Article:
Although Fox will be smaller in terms of revenue, Kannan Venkateshwar, media analyst, Barclays Equity Research, notes: “Broadcast sports and cable news also have the most stable viewership trends in all of television and a monetization gap relative to other cable networks.”
In that light, New Fox’s advertising will improve -- in terms of industry share. “The new Fox should also gain advertising share over time as its prime-time sports portfolio continues to grow, given that advertising dollars tend to skew disproportionately toward sports,” he adds.
Venkateshwar says New Fox will account for about half of domestic carriage fees paid today and three-quarters of prime-time viewership.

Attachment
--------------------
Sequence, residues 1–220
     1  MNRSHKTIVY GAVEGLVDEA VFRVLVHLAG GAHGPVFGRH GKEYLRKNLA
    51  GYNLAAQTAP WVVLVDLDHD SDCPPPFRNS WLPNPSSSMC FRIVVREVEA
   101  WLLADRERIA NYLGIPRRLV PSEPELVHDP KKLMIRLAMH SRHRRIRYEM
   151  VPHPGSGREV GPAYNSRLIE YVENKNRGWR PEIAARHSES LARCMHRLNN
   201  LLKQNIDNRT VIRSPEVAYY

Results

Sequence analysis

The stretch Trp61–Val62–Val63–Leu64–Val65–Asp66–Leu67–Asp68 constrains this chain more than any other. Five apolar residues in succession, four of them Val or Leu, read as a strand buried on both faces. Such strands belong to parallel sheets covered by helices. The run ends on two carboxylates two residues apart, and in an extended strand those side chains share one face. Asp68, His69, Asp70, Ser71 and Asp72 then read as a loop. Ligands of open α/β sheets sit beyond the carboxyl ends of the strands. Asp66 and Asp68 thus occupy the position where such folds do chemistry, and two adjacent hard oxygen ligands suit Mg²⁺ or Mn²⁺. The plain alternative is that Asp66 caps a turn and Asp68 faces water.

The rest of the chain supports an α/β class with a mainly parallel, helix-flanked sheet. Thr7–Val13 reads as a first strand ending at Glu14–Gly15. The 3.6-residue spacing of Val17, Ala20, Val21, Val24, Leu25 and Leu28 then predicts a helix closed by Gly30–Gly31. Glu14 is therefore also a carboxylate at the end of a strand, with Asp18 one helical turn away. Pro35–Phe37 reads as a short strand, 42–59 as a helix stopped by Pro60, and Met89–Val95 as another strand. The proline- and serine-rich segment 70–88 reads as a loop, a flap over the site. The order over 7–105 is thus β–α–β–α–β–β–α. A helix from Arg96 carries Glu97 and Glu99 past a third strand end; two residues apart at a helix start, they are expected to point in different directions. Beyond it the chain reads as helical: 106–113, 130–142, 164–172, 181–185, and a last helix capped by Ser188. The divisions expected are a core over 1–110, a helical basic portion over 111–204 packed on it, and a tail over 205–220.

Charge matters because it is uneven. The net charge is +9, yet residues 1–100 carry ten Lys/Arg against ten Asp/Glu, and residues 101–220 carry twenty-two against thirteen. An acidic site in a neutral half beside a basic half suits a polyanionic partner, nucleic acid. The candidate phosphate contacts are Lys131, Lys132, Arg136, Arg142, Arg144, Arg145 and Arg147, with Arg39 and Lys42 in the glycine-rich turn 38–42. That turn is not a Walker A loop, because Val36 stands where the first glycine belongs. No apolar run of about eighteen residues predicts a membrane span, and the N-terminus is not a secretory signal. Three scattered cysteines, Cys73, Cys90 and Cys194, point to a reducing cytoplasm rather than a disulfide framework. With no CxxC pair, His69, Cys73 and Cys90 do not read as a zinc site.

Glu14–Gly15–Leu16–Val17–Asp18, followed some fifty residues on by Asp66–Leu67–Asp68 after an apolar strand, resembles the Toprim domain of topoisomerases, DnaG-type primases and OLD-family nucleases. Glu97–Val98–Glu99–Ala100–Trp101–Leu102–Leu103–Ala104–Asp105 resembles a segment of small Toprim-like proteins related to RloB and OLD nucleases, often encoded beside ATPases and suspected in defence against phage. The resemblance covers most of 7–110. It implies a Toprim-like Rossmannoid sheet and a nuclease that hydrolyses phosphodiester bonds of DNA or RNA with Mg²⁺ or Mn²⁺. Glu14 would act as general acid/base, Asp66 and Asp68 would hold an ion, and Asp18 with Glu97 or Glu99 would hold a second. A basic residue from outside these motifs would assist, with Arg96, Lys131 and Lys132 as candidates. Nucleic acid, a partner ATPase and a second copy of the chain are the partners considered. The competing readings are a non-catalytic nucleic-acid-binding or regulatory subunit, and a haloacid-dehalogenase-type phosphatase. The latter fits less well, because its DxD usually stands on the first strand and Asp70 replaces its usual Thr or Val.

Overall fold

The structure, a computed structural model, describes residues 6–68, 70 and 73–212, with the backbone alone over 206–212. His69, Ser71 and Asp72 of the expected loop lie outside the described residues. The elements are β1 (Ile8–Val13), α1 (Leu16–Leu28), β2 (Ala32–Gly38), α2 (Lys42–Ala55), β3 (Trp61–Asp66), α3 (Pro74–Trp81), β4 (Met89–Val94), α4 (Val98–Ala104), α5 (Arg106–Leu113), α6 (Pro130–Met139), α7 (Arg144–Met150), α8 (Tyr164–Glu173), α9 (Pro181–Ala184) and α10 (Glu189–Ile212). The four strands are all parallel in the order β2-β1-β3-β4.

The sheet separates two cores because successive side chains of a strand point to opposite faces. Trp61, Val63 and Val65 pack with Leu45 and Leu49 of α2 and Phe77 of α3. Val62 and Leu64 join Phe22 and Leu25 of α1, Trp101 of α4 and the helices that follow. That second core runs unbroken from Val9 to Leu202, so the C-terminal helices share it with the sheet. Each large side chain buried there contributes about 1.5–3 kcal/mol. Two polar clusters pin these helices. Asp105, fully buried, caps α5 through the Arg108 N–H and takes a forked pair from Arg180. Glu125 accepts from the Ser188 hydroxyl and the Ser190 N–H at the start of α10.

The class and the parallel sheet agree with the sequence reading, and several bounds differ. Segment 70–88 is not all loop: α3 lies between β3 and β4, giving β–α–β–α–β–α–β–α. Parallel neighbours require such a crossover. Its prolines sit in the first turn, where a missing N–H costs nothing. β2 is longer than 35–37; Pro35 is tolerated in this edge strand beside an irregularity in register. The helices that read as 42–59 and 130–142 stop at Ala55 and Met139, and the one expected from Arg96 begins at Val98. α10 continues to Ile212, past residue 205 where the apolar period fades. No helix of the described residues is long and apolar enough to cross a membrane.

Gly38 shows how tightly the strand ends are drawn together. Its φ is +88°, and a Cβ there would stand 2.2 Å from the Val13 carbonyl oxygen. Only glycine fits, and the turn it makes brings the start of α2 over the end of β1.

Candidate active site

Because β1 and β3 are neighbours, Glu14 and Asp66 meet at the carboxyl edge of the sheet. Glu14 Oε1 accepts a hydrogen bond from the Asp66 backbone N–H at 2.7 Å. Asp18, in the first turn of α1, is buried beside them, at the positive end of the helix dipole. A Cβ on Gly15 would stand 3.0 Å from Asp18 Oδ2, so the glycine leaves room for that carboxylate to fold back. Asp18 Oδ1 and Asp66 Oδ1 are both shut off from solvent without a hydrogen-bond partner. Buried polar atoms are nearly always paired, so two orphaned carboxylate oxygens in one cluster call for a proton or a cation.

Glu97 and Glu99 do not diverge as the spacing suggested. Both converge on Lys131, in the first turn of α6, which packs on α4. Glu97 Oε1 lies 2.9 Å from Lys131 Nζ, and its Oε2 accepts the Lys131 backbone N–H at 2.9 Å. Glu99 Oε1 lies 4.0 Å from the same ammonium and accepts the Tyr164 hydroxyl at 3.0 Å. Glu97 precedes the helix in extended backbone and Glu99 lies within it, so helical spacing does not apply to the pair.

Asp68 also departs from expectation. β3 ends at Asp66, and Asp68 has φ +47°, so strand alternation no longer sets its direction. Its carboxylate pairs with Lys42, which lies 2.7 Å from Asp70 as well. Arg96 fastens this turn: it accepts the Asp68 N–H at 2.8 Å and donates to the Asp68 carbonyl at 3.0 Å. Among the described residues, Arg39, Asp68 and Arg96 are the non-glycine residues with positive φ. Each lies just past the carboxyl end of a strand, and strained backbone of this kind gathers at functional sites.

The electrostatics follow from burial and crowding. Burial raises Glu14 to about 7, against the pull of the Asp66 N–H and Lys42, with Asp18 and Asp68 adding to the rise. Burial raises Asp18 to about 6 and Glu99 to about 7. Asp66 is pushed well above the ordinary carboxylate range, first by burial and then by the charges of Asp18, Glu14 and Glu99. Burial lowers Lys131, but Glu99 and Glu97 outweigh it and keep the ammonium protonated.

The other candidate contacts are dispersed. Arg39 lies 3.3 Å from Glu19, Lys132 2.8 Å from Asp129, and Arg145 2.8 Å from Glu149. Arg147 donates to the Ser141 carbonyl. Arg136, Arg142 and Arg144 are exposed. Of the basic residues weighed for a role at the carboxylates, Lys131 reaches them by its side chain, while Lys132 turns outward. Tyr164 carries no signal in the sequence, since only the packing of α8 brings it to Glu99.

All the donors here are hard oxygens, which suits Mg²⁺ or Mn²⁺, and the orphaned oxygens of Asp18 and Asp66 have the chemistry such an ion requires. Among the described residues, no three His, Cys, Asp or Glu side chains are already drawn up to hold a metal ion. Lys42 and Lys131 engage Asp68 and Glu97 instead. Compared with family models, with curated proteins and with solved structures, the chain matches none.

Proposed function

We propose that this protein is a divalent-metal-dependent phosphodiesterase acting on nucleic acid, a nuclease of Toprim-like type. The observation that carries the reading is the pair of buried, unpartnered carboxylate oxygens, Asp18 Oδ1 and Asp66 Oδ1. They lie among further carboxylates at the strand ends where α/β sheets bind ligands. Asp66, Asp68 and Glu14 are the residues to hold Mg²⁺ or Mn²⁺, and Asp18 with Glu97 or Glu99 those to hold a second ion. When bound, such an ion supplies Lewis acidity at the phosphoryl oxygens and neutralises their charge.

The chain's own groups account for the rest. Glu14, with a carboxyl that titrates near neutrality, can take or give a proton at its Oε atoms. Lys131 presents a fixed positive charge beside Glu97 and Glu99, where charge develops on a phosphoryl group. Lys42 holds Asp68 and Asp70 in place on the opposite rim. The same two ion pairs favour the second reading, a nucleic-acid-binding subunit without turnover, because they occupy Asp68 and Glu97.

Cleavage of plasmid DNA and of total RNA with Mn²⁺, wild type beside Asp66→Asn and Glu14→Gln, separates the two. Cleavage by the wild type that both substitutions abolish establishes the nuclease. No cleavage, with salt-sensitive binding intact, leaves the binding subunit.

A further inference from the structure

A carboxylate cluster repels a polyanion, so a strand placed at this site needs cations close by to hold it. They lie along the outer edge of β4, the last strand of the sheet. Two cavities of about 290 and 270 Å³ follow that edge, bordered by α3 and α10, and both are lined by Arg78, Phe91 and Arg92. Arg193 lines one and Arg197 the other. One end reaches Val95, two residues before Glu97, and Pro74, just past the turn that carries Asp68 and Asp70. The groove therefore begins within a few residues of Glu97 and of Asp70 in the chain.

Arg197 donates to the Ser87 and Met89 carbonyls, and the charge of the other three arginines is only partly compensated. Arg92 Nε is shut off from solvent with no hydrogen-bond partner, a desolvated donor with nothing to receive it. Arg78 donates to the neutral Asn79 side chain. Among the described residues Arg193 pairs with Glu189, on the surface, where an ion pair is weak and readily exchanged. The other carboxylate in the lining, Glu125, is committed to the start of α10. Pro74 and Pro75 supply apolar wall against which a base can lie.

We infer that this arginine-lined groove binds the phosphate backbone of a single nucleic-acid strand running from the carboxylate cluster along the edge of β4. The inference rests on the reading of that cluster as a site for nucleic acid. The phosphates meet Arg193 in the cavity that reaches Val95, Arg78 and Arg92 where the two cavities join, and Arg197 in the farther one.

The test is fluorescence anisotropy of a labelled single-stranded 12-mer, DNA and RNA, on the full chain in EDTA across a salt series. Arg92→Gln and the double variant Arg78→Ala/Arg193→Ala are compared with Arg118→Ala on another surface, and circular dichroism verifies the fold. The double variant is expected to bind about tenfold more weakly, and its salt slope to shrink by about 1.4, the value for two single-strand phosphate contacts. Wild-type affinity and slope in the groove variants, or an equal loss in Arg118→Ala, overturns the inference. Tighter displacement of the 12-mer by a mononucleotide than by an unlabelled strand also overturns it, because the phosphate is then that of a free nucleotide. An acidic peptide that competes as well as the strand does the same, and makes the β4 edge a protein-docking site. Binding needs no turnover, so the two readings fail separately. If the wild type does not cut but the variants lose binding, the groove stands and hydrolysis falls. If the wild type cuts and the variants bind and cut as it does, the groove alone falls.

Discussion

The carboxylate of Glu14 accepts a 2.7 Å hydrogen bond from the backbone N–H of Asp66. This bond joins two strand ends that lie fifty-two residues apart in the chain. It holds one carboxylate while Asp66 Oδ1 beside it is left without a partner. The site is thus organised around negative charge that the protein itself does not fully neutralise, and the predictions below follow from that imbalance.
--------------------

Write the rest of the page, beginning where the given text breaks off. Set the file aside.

“Given this mix of content and the relatively low absolute dollars paid for it today, we believe New Fox is likely to have the greatest visibility among all media companies around affiliate fees and [retransmission fees].”
But he cautions that Fox could still go back to its old ways.
“The key risk to New Fox is, in essence, the same as old Fox, the propensity of the Murdochs to invest aggressively on growth or trophy assets like The Wall Street Journal.”
That said, the latter deal was “the right strategy, given the valuation assigned by Disney and Comcast for Fox and Sky assets.” Still, all this was a volatile road to take, he said.
Separately, New Fox recently named Hope Hicks, the former White House communications director under President Donald Trump, as its new executive vice president and Chief Communications Officer, based in Los Angeles.